The Shakers utilized hired labor as early as 1826 when stone masons were brought in to build the Round Stone Barn.  As Shaker membership declined in the second half of the nineteenth century, especially in the Brethren’s order, farm workers were hired to keep lands in production and perform heavy labor.  Hired men were lodged in a separate building, convenient to the Trustee’s Office, where they received their daily work assignments and ate their meals.

A hired man working outside the 1910 Barn at Hancock Shaker Village.

Hired men worked for the Shakers doing a variety of jobs such as chopping wood, stacking hay, and digging underground aqueducts. A local man recalled his job with the Shakers during the summers of 1942-44 when he was between 10 and 12 years old. He and other boys were hired to work in the fields and in the round stone barn stacking hay. They made $2.50 a day and would report to the Trustees House at the end of the day and were paid by Hancock Trustee Frances Hall.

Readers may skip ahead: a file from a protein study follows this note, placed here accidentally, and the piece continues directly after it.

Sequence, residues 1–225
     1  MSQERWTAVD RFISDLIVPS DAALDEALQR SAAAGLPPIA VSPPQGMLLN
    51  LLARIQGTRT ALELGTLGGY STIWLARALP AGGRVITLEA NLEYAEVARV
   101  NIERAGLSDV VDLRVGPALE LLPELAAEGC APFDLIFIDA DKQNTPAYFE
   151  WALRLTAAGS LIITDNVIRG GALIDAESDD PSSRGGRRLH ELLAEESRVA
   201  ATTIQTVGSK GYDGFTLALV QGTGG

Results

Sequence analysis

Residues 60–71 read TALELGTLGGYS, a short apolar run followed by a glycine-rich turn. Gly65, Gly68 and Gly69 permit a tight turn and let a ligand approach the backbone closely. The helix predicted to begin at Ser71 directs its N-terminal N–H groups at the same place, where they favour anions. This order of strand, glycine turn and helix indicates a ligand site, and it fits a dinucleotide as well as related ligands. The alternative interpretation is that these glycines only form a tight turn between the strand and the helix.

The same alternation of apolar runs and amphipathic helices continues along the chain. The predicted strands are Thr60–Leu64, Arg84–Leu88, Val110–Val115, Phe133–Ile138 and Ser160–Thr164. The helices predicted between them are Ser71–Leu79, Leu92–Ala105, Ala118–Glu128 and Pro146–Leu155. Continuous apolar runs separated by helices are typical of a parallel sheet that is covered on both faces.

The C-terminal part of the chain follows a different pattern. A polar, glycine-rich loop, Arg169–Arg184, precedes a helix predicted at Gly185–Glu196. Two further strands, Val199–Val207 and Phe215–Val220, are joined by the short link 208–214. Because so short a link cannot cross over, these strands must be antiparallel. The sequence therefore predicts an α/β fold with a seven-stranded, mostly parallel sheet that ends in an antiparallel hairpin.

Originally a seed shop on the north side of Route 20, the current Hired Men’s Shop was moved to its present location in 1907 to replace an earlier building that had burned. The building was constructed before 1820 and was originally painted bright yellow. The built-in case of drawers in the south room of the second floor is among the oldest surviving examples on site, and retains its original green paint on the cupboard doors.